Genetic testing companies quietly, and some would argue without adequate explanation of facts and harms which are lost in a thousand words of fine print that most data subjects won’t read, push their customers to allow genetic testing on the customer samples provided. Up to 80% of 23andMe customers consent to this activity, likely not knowing that the company plans to make money off the drugs developed from customer DNA. Federal laws require labs like those used by 23andMe for drug development to keep information for more than 10 years, so once they have it, despite rights to erasure provided by California and the EU, 23andMe can refuse to drop your data from its tests.

Go see the HBO movie starring Oprah Winfrey about medical exploitation of the cell lines of Henrietta Lacks, or better yet, read the bestselling book it was based on. Observe that an engaging, vivacious woman who couldn’t afford health insurance was farmed for a line of her cancer cells that assisted medical science for decades and made millions of dollars for pharma companies without any permission from or benefit to the woman whose cells were taken.  Or any benefit to her family once cancer killed her. Companies secured over 11,000 patents using her cell lines. This is the business model now adopted by 23andMe. Take your valuable data under the guise of providing information to you, but quietly turning that data into profitable products for their shareholders’ and executives’ benefit. Not to mention that 23andMe can change its policies at any time.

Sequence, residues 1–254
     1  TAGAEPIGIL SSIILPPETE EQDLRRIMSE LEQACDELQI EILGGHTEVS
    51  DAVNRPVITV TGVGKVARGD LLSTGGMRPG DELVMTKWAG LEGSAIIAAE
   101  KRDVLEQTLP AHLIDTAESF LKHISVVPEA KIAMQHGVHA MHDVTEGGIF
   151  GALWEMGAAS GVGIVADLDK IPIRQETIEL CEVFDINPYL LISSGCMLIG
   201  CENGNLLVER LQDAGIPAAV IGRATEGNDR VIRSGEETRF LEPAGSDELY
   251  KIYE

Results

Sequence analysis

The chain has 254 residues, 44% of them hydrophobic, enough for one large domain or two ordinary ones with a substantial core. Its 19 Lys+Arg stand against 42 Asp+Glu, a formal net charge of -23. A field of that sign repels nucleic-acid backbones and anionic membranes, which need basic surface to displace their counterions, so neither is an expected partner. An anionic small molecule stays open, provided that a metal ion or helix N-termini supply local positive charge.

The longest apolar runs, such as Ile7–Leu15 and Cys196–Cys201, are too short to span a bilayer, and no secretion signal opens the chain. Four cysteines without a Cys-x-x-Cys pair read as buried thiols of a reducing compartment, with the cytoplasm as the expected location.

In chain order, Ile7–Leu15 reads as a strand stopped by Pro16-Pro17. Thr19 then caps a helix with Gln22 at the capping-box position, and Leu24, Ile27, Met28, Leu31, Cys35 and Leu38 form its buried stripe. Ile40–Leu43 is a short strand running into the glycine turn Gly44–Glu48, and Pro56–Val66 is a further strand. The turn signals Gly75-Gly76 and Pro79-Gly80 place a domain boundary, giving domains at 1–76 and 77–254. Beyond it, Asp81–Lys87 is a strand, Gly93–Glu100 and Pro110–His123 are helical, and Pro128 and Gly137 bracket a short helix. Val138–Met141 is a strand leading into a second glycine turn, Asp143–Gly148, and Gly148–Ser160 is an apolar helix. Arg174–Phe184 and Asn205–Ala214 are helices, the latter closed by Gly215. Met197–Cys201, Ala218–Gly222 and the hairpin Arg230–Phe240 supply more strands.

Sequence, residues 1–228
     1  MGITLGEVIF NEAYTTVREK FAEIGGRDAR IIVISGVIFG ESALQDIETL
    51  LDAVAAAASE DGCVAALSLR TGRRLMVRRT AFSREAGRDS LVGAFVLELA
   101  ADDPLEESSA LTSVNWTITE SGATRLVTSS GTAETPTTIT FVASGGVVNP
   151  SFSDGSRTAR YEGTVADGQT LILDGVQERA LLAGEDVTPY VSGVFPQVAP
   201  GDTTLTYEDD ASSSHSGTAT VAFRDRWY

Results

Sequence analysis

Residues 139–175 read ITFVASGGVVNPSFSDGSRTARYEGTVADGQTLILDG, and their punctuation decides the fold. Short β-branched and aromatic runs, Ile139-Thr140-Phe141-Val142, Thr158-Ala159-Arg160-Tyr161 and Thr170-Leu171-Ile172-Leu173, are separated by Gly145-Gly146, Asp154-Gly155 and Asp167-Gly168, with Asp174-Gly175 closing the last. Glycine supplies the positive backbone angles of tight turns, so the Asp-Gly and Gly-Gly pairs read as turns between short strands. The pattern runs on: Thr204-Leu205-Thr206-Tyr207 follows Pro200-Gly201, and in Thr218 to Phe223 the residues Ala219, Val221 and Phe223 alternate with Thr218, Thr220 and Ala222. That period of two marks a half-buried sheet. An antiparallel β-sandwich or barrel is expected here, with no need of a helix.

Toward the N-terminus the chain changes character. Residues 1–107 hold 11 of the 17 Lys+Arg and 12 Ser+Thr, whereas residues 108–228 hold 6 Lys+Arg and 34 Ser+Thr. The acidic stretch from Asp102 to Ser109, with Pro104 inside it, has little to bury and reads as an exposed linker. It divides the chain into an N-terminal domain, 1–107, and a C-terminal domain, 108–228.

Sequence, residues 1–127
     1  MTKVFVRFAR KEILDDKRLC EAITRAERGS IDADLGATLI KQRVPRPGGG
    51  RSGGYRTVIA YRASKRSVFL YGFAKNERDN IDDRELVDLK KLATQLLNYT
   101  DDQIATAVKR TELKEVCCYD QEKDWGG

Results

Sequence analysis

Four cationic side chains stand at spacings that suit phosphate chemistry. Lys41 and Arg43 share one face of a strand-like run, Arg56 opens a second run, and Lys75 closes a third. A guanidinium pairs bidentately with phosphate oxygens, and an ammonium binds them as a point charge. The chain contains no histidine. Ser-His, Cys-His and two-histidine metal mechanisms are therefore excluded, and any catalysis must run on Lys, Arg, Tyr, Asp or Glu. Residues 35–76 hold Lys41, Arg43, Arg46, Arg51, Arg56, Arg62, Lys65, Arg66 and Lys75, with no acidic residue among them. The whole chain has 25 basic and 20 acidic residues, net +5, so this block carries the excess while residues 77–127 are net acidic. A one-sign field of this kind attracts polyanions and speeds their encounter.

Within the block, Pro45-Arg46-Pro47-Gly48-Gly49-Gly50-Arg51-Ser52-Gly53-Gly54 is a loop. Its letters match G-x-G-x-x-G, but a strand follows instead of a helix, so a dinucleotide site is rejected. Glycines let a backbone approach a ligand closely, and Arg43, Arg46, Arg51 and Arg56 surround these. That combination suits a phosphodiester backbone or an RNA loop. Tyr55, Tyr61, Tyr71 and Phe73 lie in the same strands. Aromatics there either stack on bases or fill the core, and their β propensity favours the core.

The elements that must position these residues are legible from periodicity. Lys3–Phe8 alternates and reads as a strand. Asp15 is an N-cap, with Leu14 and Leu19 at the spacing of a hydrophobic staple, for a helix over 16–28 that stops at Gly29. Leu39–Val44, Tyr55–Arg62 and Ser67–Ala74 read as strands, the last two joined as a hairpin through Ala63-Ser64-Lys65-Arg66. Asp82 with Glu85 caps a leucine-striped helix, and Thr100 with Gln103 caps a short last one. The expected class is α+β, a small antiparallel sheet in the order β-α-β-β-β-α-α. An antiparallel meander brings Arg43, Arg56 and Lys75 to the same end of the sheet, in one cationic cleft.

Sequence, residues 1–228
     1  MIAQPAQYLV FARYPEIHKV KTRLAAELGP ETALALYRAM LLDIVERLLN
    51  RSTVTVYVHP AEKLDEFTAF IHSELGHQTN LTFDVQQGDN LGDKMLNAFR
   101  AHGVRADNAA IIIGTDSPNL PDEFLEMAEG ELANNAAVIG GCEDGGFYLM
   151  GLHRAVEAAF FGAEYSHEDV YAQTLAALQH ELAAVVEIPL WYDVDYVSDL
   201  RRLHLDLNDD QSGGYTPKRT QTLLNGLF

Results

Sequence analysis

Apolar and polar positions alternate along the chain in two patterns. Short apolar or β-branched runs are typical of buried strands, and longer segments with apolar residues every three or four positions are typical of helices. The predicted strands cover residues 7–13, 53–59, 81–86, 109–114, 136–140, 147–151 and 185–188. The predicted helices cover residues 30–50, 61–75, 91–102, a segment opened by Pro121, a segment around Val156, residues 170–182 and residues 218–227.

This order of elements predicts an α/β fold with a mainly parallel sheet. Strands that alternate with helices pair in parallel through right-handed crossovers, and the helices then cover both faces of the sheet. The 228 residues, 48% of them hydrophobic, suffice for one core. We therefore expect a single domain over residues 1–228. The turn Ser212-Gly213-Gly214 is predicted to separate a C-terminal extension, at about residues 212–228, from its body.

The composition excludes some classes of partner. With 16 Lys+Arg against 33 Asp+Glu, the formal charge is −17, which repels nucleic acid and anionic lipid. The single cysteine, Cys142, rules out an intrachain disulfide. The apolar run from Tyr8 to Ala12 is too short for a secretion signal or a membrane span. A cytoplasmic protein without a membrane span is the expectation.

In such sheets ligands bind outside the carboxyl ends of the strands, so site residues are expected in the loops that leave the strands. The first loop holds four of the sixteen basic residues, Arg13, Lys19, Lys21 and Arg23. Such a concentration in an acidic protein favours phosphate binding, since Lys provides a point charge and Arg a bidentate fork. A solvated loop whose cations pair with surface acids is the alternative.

As part of selling your genetic secrets to the highest bidder, 23andMe is constantly pushing surveys out to its customers. According to an article in Wired, 23andMe Founder Ann Wojcicki said, “We specialize in capturing phenotypic data on people longitudinally—on average 300 data points on each customer. That’s the most valuable by far.” Which means they are selling not only your DNA information, but all the other data you give them about your family and lifestyle.